The ATP Challenger Split Open passed its third exam with an excellent grade. This time it was a double edition, the second and third, accompanied by many challenges. But with all the adversity, the organizers succeeded and sent back to the world a beautiful picture of Split, Dalmatia, and Croatia.
“We watched two weeks of top tennis. Everything we could influence, we did properly. The tennis players felt comfortable with us. Our team did a fantastic job, and I can say that this is Roland Garros from Split,” began the director of the tournament, Ismar Moralić, giving his review of the past two weeks in which all seasons changed in the Firule neighborhood of Split. There was snow, rain, strong bura, strong south wind, warm and sunny weather—unique conditions for tennis.
“There was no tennis player to whom these fickle conditions would suit him continuously. It was hard to watch, let alone play.”
Moralić often points out that the tournament is important not only as a sporting event but also as tourism in Split and Split-Dalmatia County. In this context, it coincided that these two editions of the tournament were marked by tennis players from countries from which a large number of tourists come – Slovenia (winner of the first tournament Blaž Rola and finalist Blaž Kavčič) and Poland (Kacper Žuk won singles in the second tournament, and Szymon Walkow and Jan Zielinski doubles).
“It is a pity that there was no television broadcast, but an ATP stream was popular, especially in Slovenia and Poland. In both countries, the tournament was very well attended. It was a nice promotion of Croatia and Split.”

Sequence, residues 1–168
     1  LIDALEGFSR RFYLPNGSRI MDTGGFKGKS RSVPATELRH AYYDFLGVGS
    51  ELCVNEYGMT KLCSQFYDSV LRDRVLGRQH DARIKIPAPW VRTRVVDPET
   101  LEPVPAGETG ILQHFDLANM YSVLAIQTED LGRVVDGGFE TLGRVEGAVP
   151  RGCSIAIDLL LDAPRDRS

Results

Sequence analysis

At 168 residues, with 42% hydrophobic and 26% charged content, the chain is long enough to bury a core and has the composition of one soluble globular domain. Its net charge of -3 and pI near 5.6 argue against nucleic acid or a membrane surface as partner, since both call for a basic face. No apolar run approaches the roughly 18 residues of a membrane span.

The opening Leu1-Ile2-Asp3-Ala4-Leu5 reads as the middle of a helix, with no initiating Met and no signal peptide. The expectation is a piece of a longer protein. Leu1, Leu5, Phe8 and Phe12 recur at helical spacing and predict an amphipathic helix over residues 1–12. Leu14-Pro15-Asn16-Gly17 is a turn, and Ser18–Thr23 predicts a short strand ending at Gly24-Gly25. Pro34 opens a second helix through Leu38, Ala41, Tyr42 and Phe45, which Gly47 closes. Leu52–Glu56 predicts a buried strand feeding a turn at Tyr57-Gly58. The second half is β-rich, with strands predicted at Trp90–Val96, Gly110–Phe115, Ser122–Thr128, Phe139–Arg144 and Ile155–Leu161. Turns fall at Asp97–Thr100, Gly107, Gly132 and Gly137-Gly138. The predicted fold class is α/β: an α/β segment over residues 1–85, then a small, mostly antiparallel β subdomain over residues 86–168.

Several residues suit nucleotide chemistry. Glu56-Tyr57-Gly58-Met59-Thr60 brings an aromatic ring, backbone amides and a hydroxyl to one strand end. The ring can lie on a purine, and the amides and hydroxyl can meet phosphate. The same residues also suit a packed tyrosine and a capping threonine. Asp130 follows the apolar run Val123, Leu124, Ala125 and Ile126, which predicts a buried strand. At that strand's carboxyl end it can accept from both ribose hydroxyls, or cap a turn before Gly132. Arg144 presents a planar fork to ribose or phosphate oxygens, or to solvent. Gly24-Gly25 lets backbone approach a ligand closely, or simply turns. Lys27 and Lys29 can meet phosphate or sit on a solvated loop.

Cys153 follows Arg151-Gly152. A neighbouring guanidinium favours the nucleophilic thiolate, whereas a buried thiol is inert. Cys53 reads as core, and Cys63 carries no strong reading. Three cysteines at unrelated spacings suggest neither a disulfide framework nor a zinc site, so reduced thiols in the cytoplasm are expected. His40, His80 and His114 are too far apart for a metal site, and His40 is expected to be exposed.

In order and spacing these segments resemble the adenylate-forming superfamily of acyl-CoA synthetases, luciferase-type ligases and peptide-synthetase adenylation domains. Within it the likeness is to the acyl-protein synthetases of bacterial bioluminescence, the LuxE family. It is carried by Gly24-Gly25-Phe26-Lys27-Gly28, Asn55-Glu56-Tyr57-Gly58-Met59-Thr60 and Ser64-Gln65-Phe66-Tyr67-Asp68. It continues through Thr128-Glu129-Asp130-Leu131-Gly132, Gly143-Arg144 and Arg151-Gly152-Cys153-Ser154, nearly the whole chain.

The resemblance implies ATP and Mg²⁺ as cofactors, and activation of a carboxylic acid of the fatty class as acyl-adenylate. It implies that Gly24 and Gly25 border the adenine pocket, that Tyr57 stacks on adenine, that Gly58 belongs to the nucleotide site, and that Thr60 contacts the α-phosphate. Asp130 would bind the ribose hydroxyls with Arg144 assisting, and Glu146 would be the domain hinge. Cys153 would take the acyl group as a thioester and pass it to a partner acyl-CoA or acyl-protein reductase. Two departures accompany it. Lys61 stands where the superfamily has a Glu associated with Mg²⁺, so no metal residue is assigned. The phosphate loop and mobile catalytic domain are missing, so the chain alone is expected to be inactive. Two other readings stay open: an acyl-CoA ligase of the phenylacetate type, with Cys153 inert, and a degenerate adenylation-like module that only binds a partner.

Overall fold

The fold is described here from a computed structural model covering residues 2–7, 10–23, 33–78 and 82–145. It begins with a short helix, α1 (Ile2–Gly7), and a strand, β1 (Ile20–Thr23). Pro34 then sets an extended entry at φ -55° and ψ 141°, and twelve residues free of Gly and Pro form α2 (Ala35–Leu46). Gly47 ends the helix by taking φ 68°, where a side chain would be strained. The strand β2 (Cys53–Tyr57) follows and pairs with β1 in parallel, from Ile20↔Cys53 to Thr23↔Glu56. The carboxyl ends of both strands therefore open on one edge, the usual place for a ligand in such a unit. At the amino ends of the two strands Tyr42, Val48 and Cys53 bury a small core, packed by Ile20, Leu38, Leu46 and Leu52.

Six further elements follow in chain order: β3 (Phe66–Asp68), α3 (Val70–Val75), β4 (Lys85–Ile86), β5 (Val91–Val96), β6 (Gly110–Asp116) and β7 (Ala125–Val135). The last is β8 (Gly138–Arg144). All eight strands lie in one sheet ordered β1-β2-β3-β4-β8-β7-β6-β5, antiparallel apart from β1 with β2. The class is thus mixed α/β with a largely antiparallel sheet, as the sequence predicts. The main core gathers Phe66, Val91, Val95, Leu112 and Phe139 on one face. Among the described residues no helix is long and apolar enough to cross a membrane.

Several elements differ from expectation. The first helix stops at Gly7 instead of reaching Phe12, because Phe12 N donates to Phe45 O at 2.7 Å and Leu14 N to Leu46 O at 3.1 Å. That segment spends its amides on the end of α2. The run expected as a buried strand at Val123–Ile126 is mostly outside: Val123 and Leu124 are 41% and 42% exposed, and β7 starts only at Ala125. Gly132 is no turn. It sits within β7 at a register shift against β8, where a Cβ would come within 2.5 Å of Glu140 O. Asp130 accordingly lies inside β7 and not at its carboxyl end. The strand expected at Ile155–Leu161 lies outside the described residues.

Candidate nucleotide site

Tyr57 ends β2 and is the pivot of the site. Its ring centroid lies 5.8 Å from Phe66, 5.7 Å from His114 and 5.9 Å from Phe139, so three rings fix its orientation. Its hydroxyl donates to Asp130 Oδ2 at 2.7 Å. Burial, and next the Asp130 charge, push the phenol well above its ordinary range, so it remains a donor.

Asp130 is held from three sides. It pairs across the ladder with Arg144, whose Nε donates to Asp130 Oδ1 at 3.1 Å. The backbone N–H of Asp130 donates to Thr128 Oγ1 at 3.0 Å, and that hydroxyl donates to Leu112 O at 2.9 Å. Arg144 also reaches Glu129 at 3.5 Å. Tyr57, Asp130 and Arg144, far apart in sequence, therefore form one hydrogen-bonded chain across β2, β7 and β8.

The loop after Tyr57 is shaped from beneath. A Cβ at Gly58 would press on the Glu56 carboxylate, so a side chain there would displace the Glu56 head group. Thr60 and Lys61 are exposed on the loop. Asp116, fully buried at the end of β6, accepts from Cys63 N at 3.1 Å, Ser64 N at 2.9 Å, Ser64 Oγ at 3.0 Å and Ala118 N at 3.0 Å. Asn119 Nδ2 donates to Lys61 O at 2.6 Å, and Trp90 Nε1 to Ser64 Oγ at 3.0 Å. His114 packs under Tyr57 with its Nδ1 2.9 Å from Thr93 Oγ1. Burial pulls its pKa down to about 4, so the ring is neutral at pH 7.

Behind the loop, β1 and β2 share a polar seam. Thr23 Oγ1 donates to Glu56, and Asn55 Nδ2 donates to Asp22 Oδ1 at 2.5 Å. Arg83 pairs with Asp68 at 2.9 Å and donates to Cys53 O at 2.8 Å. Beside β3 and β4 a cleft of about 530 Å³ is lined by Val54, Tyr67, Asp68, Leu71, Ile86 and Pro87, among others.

However, to make the impression complete from the organizers’ perspective, better results of Croatian tennis players were lacking. Last fall, at the premiere edition of the tournament, the local boys Borna Gojo and Duje Ajduković played in the semifinals, but this time none of our representatives reached the quarterfinals. Gojo did not even play due to injury. Duje, who had just recovered from the coronavirus, only passed the first round in the first tournament. Nino Serdarušić was eliminated in the second round both times. There wasn’t much success in the doubles either.
“Gojo got injured a few months ago, Duje overcame corona, and Nino lost to Ymer in a match that could have gone his way. You know what, our players probably missed the audience as well, because they are the ones who give motivation at certain moments of the match. Our policy is to give invitations to our young players, and perhaps some of them are not yet experienced enough for this level. I believe that their results will be better when they mature a little more.”
Moralić added on the topic of empty stands, emphasizing the illogicality of such a decision.
“There are people in churches, casinos, cinemas, theaters, restaurants, and cafes, and it turns out that tennis is the riskiest for people’s health. I don’t know why this is so because we were able to maintain space at the stadium. It hit us organizers and tennis players as well, but unfortunately, we can’t influence those things.”
After the curtain was drawn on the third Split Open, there are smiles, satisfaction, and relief on the faces of the organizers, staff, and volunteers for a job well done, but we are still a little sad that it is over. They are already starting to work on the next edition, an even better and stronger Split Open. The term should remain the same, in the spring.”It is difficult to plan anything in the short term, let alone in the long term because of the coronavirus. However, we will do everything to make the tournament even better. We do it because we want to create a tennis center in Split that will be recognized worldwide. With our partners, we will do everything to make next year’s tournament as top-notch as it was in the past two weeks,” concluded Ismar Moralić, concluding a beautiful two-week tennis story in Split.
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